Just four months ago, Kerala won the National Games men’s volleyball gold in Bhavnagar (Gujarat) but it is a very different story at the 71st National senior championships, currently on in Guwahati. Kerala crashed out of the Nationals after losing all its matches to finish last in Group ‘B’ and also losing to Jharkhand in the qualifier for the quarterfinal.
How did a champion team lose its winning formula so quickly? What went wrong?
“Our team is filled with juniors and there is a lack of experienced setters. And our seniors are playing the Prime Volleyball League (PVL),” former international Moideen Naina, the manager of the Kerala men’s team, told Sportstar from Guwahati.
The State avoided a similar embarrassment at the National Games because the Kerala High Court ordered the Kerala State Volleyball Association (KSVA) to withdraw its team and send the one selected by the Kerala State Sports Council (KSSC) – which had the State’s best players who had played the PVL, a privately organised league – to Gujarat.
The Sports Council organised a ‘State tournament’ this time too, near Pala a few weeks ago, but it did not select a team as almost all the top players who played the KSSC event were signed up to play the cash-rich PVL which is now on in Bengaluru. Thus the KSVA’s team, selected after its recent State championship in Kozhikode, went for the Nationals.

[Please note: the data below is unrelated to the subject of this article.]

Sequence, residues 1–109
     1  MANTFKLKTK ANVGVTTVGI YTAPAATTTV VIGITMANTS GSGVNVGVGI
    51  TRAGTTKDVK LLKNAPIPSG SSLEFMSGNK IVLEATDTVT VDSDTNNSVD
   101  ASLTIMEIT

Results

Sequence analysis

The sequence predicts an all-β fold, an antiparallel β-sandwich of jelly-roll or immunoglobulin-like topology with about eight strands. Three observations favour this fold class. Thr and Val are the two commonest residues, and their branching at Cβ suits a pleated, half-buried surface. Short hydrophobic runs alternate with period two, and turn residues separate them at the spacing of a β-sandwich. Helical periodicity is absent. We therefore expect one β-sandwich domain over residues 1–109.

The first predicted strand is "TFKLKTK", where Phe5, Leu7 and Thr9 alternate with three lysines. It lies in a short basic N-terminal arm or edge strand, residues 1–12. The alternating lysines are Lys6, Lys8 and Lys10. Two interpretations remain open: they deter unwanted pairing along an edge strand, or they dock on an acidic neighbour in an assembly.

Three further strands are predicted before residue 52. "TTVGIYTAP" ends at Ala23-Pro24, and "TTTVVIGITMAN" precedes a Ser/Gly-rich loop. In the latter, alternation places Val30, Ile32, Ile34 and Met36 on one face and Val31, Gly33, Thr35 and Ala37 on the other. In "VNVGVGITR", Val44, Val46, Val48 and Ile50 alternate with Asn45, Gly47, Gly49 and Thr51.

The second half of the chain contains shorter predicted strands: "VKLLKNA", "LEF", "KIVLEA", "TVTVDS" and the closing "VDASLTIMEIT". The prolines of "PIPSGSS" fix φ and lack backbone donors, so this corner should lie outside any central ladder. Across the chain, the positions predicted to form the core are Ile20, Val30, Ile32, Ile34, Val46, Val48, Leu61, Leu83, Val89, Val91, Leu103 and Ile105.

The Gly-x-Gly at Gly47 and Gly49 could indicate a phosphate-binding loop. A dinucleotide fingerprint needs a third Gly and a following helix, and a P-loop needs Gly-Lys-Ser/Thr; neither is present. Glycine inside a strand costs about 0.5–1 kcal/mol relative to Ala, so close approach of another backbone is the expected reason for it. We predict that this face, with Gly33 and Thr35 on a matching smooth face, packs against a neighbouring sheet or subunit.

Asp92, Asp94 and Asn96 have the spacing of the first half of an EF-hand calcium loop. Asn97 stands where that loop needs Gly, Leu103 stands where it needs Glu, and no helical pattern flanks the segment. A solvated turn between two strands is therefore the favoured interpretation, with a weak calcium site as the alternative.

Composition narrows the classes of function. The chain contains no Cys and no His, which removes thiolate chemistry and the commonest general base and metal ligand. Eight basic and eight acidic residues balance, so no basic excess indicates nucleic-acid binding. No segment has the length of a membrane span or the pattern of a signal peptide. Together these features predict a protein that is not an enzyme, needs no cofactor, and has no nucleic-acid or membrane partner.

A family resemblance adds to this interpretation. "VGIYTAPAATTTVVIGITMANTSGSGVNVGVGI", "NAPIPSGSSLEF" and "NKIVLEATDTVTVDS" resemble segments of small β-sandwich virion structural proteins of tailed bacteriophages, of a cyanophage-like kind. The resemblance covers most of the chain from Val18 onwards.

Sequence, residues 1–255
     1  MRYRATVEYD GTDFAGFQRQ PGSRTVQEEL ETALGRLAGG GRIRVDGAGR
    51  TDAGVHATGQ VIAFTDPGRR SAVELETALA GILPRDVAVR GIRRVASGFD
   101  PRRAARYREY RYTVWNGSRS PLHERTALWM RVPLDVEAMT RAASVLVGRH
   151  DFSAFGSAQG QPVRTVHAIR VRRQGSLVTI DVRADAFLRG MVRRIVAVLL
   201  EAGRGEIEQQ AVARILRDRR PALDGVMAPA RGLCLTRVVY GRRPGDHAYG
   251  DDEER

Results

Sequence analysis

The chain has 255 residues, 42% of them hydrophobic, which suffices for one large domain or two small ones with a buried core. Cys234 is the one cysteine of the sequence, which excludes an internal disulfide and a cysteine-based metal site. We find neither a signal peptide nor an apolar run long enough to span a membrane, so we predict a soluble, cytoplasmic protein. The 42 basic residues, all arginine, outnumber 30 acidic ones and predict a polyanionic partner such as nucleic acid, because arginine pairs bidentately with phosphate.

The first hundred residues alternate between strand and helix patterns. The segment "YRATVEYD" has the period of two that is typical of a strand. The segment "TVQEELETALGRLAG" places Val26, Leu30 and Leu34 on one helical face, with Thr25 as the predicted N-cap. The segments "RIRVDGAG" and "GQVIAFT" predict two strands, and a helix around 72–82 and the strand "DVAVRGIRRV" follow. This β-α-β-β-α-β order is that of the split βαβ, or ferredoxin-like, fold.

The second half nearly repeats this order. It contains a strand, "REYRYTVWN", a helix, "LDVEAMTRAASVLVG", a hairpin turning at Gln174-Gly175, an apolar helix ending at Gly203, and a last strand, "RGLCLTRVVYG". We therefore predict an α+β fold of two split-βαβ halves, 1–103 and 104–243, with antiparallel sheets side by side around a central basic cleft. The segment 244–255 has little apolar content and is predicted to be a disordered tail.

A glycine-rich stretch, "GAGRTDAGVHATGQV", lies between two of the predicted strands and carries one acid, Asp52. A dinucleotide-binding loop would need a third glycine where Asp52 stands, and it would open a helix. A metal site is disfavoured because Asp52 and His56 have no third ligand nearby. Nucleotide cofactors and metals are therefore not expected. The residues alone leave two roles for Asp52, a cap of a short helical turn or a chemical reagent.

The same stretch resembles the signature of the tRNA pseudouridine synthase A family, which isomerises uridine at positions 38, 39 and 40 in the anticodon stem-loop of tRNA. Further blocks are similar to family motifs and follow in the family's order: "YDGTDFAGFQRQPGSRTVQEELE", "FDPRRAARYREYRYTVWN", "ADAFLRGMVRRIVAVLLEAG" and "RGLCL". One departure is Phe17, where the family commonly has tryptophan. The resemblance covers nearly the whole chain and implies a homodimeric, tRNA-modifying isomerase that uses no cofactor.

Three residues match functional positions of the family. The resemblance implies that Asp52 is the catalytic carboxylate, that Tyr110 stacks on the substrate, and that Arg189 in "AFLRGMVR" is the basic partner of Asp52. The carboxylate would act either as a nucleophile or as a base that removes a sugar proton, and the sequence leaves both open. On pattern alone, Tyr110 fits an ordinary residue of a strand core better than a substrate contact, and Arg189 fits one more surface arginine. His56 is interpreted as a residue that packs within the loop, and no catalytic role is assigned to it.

Every federation would like to have its best players at its Nationals but strangely, the Volleyball Federation of India has scheduled its current Nationals and the Federation Cup which will follow it, in such a way that they are both clashing with the PVL (organised by Baseline Ventures with no blessing from the VFI) which has the country’s biggest names and many foreign players too.
DECEMBER OR MARCH IDEAL TIME FOR NATIONALS
“Nearly 100 of the country’s top players are playing the PVL, so the National championship is a sort of third division of Indian volleyball. The VFI should have conducted the Nationals in December or March to avoid a clash with the PVL,” said former international Kishore Kumar, the head coach of Calicut Heroes in the PVL.
“The Government should sort out the federation issue fast because it’s the players who are suffering. Our junior and youth players are the ones suffering the most since the VFI’s certificates do not have any value as the federation is not recognised by the Sports Ministry or the Government.”
Meanwhile, Binoy Joseph, the president of the Kerala State Volleyball Association, feels that is time for everybody to come together in the interest of the sport in the country.
“There is no charm if our country’s best players are not playing the Nationals. The PVL people and the VFI should sit together, thrash out all issues and discuss ways to take the sport forward. We are ready for that.”
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